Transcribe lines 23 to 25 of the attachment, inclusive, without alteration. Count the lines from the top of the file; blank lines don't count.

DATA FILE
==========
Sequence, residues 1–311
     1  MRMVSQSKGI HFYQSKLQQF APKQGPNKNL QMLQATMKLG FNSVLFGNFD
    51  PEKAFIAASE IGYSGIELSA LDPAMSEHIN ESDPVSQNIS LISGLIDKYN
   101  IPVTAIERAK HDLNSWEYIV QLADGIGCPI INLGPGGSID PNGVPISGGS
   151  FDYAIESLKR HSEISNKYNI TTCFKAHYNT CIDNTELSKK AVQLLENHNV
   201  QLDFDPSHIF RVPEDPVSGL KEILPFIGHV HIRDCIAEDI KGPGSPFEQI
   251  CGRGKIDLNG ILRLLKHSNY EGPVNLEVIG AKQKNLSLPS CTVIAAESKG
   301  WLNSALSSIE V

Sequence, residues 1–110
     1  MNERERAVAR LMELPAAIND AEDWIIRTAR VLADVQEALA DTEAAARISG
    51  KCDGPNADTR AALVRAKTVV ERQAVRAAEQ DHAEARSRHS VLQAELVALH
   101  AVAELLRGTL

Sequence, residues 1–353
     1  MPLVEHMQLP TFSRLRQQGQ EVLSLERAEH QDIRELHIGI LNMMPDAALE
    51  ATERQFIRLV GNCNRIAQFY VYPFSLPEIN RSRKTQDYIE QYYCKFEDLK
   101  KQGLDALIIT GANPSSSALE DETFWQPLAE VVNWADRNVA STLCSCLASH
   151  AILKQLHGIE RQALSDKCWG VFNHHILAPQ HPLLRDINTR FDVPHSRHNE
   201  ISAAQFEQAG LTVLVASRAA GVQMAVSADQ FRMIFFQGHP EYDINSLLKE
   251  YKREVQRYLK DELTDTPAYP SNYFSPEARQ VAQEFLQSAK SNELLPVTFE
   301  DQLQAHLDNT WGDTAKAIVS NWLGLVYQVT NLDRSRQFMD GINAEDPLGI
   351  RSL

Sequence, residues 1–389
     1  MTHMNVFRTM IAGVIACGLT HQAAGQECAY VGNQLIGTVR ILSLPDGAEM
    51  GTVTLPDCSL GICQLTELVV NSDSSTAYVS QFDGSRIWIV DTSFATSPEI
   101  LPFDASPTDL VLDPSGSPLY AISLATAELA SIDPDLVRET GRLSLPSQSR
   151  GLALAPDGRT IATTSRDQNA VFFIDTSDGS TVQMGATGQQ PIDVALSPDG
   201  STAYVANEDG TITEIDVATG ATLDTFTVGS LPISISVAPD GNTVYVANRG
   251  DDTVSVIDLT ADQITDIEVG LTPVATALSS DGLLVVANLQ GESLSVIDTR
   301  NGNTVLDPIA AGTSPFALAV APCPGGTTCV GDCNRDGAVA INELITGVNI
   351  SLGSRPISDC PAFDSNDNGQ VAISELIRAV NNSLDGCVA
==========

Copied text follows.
     1  MTHMNVFRTM IAGVIACGLT HQAAGQECAY VGNQLIGTVR ILSLPDGAEM
    51  GTVTLPDCSL GICQLTELVV NSDSSTAYVS QFDGSRIWIV DTSFATSPEI
   101  LPFDASPTDL VLDPSGSPLY AISLATAELA SIDPDLVRET GRLSLPSQSR